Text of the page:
Minnesota Oncology

Minneapolis, MN, United States

Minnesota Oncology

Minneapolis, MN, United States
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Ferriss J.S.,Temple University | Java J.J.,Gynecologic Oncology Group Statistical | Bookman M.A.,Arizona Oncology | Fleming G.F.,University of Chicago | And 7 more authors.
Gynecologic Oncology | Year: 2015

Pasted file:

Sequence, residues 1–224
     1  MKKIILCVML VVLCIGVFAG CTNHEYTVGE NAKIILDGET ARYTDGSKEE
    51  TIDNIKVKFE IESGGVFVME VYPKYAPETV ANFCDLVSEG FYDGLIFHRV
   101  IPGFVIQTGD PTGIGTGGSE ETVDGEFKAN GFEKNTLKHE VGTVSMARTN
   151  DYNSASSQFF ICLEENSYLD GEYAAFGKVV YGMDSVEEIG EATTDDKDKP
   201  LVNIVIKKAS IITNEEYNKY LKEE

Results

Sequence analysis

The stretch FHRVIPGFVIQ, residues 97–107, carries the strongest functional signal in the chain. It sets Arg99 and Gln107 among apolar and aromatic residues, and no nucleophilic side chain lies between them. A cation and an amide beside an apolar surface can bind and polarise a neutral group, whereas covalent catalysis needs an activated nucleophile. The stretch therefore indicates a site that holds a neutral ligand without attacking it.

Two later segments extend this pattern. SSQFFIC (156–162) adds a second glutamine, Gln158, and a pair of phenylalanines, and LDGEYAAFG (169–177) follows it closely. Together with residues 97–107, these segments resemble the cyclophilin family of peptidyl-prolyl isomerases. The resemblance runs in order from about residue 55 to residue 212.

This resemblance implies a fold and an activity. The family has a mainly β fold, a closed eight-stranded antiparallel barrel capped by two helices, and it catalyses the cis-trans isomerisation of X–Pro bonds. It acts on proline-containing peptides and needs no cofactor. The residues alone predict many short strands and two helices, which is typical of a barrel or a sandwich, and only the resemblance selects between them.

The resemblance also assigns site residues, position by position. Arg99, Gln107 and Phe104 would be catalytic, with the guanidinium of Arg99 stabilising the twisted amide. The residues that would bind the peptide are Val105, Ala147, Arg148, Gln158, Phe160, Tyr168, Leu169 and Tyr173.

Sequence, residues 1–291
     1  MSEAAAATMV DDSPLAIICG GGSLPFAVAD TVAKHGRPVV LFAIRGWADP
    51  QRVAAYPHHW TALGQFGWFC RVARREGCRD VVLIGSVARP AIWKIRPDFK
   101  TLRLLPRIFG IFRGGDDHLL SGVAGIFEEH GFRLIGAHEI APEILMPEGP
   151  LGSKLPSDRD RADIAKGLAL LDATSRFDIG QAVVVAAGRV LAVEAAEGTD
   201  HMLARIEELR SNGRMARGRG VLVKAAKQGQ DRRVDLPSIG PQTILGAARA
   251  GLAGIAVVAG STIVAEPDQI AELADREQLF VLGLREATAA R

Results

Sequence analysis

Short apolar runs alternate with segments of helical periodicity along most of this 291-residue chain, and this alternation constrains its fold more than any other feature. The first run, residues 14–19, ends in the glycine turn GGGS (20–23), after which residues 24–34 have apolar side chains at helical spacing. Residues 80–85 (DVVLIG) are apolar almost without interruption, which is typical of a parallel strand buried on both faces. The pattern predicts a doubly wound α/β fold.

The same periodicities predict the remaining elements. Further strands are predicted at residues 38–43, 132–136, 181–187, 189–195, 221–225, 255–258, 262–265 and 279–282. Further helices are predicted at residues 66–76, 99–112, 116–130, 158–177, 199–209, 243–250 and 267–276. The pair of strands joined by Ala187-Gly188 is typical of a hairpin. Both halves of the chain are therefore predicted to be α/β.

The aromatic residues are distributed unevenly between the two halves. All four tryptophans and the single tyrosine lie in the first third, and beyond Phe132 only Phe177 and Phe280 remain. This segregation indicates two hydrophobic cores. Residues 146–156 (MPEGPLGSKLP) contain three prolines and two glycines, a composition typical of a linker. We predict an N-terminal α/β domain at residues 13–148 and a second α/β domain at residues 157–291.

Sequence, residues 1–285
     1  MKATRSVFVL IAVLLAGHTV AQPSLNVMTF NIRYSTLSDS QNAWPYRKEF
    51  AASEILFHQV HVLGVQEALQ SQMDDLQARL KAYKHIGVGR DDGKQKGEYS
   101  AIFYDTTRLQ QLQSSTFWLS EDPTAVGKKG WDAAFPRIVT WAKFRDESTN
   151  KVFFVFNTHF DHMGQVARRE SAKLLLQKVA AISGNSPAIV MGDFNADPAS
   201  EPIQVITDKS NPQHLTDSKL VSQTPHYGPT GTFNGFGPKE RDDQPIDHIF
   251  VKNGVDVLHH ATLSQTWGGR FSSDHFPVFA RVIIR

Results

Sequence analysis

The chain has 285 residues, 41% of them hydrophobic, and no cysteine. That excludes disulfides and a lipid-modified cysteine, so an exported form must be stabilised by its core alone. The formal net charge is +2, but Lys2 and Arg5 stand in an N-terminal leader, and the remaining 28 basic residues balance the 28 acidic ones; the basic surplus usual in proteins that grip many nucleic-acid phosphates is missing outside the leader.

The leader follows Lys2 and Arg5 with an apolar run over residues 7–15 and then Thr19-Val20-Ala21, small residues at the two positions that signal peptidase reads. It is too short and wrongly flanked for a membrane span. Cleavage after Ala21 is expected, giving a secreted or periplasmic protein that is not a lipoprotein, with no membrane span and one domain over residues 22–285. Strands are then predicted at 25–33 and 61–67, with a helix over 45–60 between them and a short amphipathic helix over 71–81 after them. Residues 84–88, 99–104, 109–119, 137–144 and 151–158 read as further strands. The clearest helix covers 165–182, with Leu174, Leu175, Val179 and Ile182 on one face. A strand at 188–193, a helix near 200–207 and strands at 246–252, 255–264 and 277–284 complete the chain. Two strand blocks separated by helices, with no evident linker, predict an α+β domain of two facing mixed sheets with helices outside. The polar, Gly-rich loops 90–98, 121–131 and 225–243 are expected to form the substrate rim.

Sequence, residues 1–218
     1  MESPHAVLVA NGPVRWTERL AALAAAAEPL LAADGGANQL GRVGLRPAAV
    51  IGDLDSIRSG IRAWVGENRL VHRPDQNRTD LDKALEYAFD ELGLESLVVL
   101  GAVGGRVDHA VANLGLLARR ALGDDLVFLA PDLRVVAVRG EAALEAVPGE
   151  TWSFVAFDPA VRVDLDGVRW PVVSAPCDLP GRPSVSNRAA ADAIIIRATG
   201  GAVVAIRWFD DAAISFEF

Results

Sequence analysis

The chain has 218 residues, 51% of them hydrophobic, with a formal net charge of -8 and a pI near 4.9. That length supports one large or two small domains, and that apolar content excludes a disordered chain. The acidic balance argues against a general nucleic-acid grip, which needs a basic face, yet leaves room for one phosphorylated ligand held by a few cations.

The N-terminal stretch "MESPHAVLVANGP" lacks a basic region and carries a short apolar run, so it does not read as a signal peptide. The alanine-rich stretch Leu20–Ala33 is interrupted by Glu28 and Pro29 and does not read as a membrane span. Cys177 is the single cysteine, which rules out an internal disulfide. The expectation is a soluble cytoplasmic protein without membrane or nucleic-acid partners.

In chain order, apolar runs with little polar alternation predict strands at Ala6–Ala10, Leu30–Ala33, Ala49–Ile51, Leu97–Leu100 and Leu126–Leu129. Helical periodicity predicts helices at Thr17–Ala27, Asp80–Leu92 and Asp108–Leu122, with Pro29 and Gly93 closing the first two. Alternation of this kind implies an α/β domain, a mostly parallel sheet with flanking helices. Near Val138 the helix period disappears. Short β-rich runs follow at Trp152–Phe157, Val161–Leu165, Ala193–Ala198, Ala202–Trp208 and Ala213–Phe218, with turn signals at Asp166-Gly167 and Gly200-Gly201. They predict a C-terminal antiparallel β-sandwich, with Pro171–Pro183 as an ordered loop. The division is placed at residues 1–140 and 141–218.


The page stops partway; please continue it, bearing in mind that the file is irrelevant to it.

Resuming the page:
Objectives Predictive factors for efficacy of bevacizumab in advanced ovarian cancer have remained elusive. We investigated ascites both as a prognostic factor and as a predictor of efficacy for bevacizumab. Methods Using data from GOG 0218, patients receiving cytotoxic therapy plus concurrent and maintenance bevacizumab were compared to those receiving cytotoxic therapy plus placebo. The presence of ascites was determined prospectively. Chi-square and Wilcoxon-Mann-Whitney tests compared baseline variables between subgroups. Survival was estimated by Kaplan-Meier method, and Cox proportional hazard models were used to evaluate independent prognostic factors and estimate their covariate-adjusted effects on survival. Results Treatment arms were balanced with respect to ascites and other prognostic factors. Overall, 886 (80%) women had ascites, 221 (20%) did not. Those with ascites were more likely to have: poorer performance status (p < 0.001); serous histology (p = 0.012); higher baseline CA125 (p < 0.001); and suboptimal cytoreduction (p = 0.004). In multivariate survival analysis, ascites was prognostic of poor OS (Adjusted HR 1.22, 95% CI 1.00-1.48, p = 0.045), but not PFS. In predictive analysis, patients without ascites treated with bevacizumab had no significant improvement in either PFS (AHR 0.81, 95% CI 0.59-1.10, p = 0.18) or OS (AHR 0.94, 95% CI 0.65-1.36, p = 0.76). Patients with ascites treated with bevacizumab had significantly improved PFS (AHR 0.71, 95% CI 0.62-0.81, p < 0.001) and OS (AHR 0.82, 95% CI 0.70-0.96, p = 0.014). Conclusions Ascites in women with advanced ovarian cancer is prognostic of poor overall survival. Ascites may predict the population of women more likely to derive long-term benefit from bevacizumab. © 2015 Elsevier Inc. All rights reserved.